Social Venom


What’s the difference between snake oil and snake venom?

Let’s recap the week.

Leigh Durst goes off on people stealing her hard earned, labor intensive work

Peter Kim laments the plague of plagiarism

David Armano discusses how to spot social media snake oil

Olivier Blanchard has called foul on bogus social media experts

Valeria Maltoni interviews Jonathan Bailey, the topic? Plagiarism Today

I wrote about Social Media might be free, but I’m not

Are you sensing a trend here? I am. That, my friend is what you call venom.  Oddly enough, none of the above posts were precipitated by the other. They all came out on their own, out of anger and frustration. And if I had taken more time, I probably would have found more posts.  Even more telling, is what you see in the comments. A lot of comments. More anger, more frustration.

I’m not sure I have a sure fire solution for any of these posts but I have a feeling that the days of wine and roses may be slowly coming to an end in some respects. If not an end, it certainly won’t be flowing like the wine at a Roman Bacchanalia. Content will be locked down more. Ideas and thoughts may not be so readily provided or shared as they once were.

Fortunately though, I have a feeling that Snake oil vendors will have a harder time of proving themselves. On the other hand, as I have experienced somewhat, we will have a harder time of climbing out of the hole that the purveyors of snake oil have dug for us with once burned clients.

I do have a feeling though, that this only the beginning, and that a larger backlash may be at hand. What to do about it is the question. A governing body? A policing body? I’m not sure. The floor is yours…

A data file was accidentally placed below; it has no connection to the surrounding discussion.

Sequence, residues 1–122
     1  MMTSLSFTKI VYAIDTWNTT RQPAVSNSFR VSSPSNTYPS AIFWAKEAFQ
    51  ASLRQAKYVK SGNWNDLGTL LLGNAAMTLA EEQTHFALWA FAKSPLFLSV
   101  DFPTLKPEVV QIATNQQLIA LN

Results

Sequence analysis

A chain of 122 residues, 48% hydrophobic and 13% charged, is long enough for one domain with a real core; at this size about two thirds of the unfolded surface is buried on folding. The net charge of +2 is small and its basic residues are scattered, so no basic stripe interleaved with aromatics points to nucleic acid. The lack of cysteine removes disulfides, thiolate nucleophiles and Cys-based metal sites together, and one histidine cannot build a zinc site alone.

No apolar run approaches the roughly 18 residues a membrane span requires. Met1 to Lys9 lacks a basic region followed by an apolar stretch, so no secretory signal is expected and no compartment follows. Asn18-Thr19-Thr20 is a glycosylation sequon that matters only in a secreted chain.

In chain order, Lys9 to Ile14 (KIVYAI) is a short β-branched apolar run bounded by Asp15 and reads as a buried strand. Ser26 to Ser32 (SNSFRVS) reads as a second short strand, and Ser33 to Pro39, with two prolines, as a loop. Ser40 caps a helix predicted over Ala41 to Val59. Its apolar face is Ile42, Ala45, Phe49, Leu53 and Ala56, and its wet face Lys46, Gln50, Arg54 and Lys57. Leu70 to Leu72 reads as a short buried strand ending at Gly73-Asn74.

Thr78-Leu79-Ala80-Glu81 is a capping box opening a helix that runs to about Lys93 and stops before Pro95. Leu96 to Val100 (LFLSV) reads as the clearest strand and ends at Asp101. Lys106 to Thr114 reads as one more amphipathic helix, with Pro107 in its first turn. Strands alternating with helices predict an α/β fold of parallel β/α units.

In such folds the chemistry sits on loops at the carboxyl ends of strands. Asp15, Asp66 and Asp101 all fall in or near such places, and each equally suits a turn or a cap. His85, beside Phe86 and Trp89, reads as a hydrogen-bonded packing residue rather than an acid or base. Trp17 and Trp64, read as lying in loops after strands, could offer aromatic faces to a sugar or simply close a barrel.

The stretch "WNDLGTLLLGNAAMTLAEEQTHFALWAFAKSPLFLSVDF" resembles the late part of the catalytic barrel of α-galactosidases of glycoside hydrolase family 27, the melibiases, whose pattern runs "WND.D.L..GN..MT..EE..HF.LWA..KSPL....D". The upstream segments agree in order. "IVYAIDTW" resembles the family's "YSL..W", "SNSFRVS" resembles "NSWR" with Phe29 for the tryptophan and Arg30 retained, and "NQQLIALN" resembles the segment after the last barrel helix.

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10 thoughts on “Social Venom

  1. While certainly not a fan of the “can’t we all just get along” school of human relations, it would seem that the pendulum has swung to the opposite extreme of Rodney King’s appeal.

    On the other hand, there are simply too many people passing themselves as marketing experts, publicity experts, writing experts, publishing experts, video experts, and on and on and on, just because someone retweeted something they produced. Sadly, these folks are taking money from clients who have no way of verifying expertise.

    Part of it is our own fault. The agency world pooh-poohed social media, stuck our collective heads in the sand, made fun of the emerging technology, and in the same spirit of the former Digital Equipment Corporation who pontificated, “I see no reason at all for anyone to own a computer for their home,” wrote off an entire sector without doing due diligence.